But because one of the main requirements for being a progg was to sing in Swedish and refuse deals with international labels, hardly anyone outside the country has ever heard of it.

In 2000, Lukas Moodysson’s film Together, on a Swedish commune in 1975, celebrated some of the great progg groups, with the soundtrack starring Nationalteatern, Marie Selander and Turid Lundqvist, as well as commercial pop music from ABBA and Ted Gärdestad.

How did politics get into it?

The biggest labels, Nacksving, Silence and MNW, were all very politically engaged, releasing only bands that expressed “correct” leftist ideas.

Singer-songwriter Ulf Lundell, for example, was rejected by both MNW and Silence, while Kebnekajse, which was signed for Silence, received widespread criticism for the lack of left-wing ideas expressed. in their songs, and eventually signed with the commercial company Mercury Records.

Gothenburg-based Nackswing was one of the more ideological labels, releasing records from Nationalteatern, Motvind and other local bands.

Even further to the left was Proletärkultur, a label owned by KPML (r), a Swedish Communist Party centered in Gothenburg, whose roster included the group Knutna nävar (Clenched Fists).

Progg songs often feature people in factories the same way Swedish does Arbetarlitteratur, (“Proletarian Literature”), which also experienced a renaissance in the 1970s.

The classics are from Nationalteatern Hanna från Arlöv, (“Hanna d’Arlöv”), where a working-class woman’s protest in a laundry teaches the narrator, who is probably less of a worker, the value of standing up for his rights, Strejken på SAAB, “The strike at SAAB”, by Fria Proteatern, or Är du lönsam lille vän, “Are you profitable, boyfriend? by the Gläns Över Sjö och Stränd group.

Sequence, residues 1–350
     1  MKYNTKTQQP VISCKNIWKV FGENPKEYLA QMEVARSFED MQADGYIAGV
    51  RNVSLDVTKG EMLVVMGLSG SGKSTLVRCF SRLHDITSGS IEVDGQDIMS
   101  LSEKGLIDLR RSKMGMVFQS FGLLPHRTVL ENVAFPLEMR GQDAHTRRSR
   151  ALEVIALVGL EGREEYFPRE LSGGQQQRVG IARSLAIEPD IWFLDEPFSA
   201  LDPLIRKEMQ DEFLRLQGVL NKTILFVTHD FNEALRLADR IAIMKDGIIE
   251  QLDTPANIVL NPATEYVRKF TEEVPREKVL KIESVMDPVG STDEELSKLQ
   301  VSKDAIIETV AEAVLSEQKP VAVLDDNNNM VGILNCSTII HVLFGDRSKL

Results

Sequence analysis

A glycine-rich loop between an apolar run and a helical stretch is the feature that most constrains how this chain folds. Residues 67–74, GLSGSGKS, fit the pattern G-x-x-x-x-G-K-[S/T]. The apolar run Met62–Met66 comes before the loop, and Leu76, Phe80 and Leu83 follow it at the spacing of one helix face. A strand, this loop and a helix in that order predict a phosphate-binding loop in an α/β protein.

Songs can also express political ideas in fantasy, with songs like Blå Tåget’s På Väg to Koppargruvan, (“On the way to the copper mine), which features a man driving to his shift who is hijacked by a tailless fox, and a skinless bear, who then takes him to a fancy hotel , where they murder together politicians and businessmen conspire to further destroy their environment.

What happened to progg?

Clashes between the far left and the more hippie elements of progg hit the movement hard by the late 1970s, and by the early to mid-1980s it had grown deeply out of fashion and was eclipsed by a wave of punk bands. and synth.

But Swedish punk bands shared the DIY approach to progg, and perhaps the most beloved song from Sweden’s most beloved punk band, “Staten och kapitalet” (State and capital), is a cover of “Blå Tåget “Den ena handen vet vad den andra gör“,” One hand knows what the other is doing “.

For 50 years since Progg’s heyday, bands like Nationalteatern and Hoola Bandoola member Mikael Wiehe have been like every other aging rocker performing their golden oldies across Sweden.

Finally, as Sweden’s contribution to world music increasingly seems to be about super-producers like Max Martin creating identity hits for big-name American stars, it’s easy to start longing for a bit of anti-rebellion. -commercial.